Veterans Transition Resource Center


  1. Coding Bootcamp vs College: what’s best for me? 

Can you really learn everything you need for a job in the tech industry without a computer science degree? Here are 5 things to consider when deciding between 3 months vs. 4 years of school. 

  • Cost. The cost of a bootcamp is equivalent to one semester of a CS degree program, but leads to a rewarding average starting salary of 60-70K. 
  • Return on Investment.  You can complete a bootcamp in less time and with less money while still holding the same earnings potential as a CS grad. 
  • Time Commitment. CS Degree programs require a longer time investment, which means deeper understanding and more practice hours. In contrast, you’ll finish a bootcamp in a matter of weeks, but may need to spend some time doing self-study to get up to speed. 
  • Curriculum.  For a more well-rounded understanding of computer systems and a general understanding of coding, a CS degree is a better option. To delve right into coding languages and their practical applications, bootcamp is the way to go. 
  • Career Outlook.  If you want to launch or join a startup skip the CS degree and go to bootcamp. If becoming an executive at Google, Apple or Amazon is in your future, plan to earn a CS degree at some point down the road. 
  1. Can I learn how to code on my own? 

Once you’ve decided to learn how to code, you may be wondering if you can teach just teach yourself. History says, “YES!” Plenty of successful developers are self-taught using books, online resources, etc. Here are 6 things to consider when deciding if you should attend a bootcamp or teach yourself.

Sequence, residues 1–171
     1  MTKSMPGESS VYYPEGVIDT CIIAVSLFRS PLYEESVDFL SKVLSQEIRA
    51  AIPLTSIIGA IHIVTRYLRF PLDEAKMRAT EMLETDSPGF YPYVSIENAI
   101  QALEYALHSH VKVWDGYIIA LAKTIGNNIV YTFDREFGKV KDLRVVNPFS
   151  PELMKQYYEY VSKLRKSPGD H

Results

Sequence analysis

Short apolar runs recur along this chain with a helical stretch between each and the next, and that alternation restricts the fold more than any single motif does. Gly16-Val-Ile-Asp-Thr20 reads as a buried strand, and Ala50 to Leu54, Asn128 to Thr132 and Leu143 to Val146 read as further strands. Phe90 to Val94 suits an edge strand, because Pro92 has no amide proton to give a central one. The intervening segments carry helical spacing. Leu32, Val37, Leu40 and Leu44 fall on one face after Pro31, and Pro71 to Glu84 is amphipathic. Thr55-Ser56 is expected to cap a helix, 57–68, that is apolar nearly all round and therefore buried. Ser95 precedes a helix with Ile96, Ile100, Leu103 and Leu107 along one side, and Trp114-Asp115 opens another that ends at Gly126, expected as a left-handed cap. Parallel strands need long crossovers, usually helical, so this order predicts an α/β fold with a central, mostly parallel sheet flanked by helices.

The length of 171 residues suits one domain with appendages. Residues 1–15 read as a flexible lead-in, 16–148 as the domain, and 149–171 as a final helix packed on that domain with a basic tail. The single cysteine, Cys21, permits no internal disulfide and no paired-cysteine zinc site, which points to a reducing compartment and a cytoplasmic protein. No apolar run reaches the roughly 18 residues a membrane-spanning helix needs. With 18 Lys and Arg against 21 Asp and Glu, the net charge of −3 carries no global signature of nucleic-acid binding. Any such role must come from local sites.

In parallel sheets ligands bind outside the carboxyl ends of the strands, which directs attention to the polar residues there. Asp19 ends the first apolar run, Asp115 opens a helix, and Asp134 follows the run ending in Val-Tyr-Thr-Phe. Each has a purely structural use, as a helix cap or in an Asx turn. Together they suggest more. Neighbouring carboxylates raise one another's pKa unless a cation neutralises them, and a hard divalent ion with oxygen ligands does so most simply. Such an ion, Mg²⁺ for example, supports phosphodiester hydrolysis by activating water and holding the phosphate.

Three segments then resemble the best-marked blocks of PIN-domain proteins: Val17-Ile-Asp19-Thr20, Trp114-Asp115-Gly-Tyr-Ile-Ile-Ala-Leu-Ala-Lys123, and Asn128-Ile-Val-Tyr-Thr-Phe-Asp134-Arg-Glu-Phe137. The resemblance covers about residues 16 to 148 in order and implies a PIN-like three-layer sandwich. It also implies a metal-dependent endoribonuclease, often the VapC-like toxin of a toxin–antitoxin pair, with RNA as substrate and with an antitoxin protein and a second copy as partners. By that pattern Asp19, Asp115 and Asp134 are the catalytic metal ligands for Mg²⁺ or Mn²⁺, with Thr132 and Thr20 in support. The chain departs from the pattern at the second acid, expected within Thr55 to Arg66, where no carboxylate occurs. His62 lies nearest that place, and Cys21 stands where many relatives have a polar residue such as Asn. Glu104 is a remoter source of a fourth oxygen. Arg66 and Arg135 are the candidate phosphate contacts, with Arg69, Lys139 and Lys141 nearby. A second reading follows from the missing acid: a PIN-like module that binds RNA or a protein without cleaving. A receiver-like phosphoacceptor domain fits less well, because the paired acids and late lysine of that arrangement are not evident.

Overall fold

• Prior coding experience. Students with a computer science background or knowledge of programming, may find it easier to teach themselves. However, if you have no knowledge of programming and would like to learn quickly, it’s better to attend a coding bootcamp. 
  • Coding curriculum. It’s difficult enough to learn to code, and if you don’t have a guide, it’s hard to know how to teach yourself. If you find it difficult to find the tools you need, consider a bootcamp with a set curriculum. 
  • Learning style. Have you tried to teach yourself a new technical skill in the past? Were your past self-teaching attempts a success? Work out what your learning style is. If you find that you learn well on your own, it’s something you should try before bootcamp. 
  • Time and commitment. What is your Bootcamp ROI (Return on Investment)? You may save in the long run by paying for a bootcamp and reaping the benefits of a salary increase in just a few short months. 
  • Your network. Do you know fellow programmers? Do you have contacts to find a job after you learn to code? If not, a bootcamp will surely provide a network and contacts, which are fundamental in any career transition. 
  • Set your goals. Are you a career changer or just seeking a new hobby? Take some time to self-teach before taking the plunge and quitting your job to join a bootcamp. 
  1. Am I ready for a coding bootcamp? 

Coding Bootcamps are intensive programs; while very rewarding, a coding bootcamp will be stressful and will push you. Before attending a bootcamp, consider if it’s the right fit for your learning style. Schools look for the following skills in intensive bootcamp applicants: